Ken Armstrong wrote:
> One of the many things I liked about my old professor's study of Burnt
> Norton and the other Q's was its explication of the purposely rendered
> false note of the first lines of BN. Strictly speaking, as a moment's
> reflection may reveal, there is no time present. The phrase is a
> contradiction (not a paradox). This exceeds any parameters of Einsteinian
> discussion which, in its figurations, is still time in a bottle, so to speak.
Probably neither a paradox nor a contradiction but merely a curiosity.
Cf. the following two series, which baffled many medieval philosophers:
1 2 3 4 5 6 7 8 9 . . .
1 3 5 7 9 11 13 15 17 . . .
The total number of numbers (odd and even) is the same as the total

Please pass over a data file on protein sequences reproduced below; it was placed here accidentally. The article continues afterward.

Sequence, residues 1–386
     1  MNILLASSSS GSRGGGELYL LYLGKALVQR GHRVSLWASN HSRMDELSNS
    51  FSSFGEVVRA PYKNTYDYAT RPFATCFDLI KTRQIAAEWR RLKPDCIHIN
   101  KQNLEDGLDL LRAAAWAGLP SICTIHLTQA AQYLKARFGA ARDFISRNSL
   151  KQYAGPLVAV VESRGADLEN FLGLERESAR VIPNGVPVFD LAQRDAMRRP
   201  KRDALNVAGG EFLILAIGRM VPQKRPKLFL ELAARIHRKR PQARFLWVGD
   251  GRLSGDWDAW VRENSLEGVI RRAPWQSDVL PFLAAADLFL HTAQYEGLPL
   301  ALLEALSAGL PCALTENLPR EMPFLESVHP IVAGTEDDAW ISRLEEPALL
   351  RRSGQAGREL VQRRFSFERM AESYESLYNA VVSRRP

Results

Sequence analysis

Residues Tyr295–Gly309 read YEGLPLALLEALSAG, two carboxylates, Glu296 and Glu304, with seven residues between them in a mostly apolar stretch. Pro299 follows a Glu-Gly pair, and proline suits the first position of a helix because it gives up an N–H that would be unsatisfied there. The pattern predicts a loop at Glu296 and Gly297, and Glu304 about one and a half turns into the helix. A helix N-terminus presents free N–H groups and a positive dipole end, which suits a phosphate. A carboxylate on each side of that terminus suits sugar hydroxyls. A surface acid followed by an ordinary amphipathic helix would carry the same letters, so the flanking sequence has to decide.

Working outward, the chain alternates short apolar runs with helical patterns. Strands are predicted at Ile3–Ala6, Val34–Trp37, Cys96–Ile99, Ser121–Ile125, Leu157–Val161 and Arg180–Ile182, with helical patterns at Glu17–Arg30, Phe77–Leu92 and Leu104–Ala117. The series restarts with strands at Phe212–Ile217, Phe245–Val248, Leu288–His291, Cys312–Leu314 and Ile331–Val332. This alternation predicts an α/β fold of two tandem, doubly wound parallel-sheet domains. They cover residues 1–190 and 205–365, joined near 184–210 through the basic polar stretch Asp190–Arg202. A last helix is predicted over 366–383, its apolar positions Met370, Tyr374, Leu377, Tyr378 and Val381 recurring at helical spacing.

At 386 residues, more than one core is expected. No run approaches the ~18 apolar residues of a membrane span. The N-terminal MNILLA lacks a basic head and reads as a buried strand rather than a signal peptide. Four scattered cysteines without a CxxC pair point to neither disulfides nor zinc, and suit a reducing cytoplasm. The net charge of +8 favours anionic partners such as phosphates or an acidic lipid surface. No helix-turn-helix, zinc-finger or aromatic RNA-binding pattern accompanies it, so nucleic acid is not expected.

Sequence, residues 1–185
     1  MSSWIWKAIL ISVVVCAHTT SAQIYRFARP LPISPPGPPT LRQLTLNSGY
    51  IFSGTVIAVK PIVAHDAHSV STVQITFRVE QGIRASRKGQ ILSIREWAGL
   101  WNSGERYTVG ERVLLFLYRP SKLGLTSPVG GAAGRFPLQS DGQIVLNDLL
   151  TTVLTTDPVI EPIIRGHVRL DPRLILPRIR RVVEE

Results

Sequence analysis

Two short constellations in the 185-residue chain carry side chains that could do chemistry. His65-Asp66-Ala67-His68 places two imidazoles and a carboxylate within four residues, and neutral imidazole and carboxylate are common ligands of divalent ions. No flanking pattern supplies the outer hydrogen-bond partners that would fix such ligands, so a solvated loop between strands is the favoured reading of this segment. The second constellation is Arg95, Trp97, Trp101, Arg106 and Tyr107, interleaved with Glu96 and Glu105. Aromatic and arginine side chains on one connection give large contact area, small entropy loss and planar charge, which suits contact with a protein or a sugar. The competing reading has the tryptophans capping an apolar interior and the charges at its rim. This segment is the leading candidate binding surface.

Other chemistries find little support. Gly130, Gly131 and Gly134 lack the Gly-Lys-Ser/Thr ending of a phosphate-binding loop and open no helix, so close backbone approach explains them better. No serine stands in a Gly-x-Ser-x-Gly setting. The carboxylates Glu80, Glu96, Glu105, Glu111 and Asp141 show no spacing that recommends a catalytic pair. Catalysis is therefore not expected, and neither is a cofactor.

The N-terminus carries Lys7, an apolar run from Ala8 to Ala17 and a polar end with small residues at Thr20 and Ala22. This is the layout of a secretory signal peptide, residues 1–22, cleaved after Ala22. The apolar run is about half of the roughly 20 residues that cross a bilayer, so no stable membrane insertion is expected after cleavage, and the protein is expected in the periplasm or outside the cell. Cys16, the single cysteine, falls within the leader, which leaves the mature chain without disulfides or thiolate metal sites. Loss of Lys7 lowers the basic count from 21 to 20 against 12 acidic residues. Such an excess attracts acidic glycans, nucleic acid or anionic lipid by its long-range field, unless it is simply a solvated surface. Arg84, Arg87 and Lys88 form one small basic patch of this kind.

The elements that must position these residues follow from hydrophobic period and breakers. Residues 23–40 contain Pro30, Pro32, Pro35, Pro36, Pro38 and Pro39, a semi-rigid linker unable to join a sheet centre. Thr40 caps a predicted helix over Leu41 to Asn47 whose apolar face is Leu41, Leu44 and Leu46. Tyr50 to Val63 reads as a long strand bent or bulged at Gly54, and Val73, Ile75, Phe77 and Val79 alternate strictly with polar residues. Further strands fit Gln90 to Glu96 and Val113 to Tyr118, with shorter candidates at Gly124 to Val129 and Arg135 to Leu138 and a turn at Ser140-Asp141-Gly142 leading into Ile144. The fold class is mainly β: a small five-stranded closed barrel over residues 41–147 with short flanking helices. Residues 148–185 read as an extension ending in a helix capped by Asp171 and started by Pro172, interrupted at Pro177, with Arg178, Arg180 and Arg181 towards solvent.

number of odd numbers (and for that matter, the total number of numbers
divisible by three is equal to the total of all numbers, etc). The
resolution is the definition of an infinite class as a class containing
an infinite number of infinite classes. (This isn't quite precise --
it's been a long time since I messed around with this stuff.)
The non-existence of the present is a curiosity in the same way that
this is a curiosity. Both infinite classes and infinitesimals produce
such apparent weirdness. As E.M. Forster observed 80 years ago,
apologizing for his own mucking about in the matter, very sophisticated
metaphyscians have fallen flat on their face trying to talk about time.
> Ken A.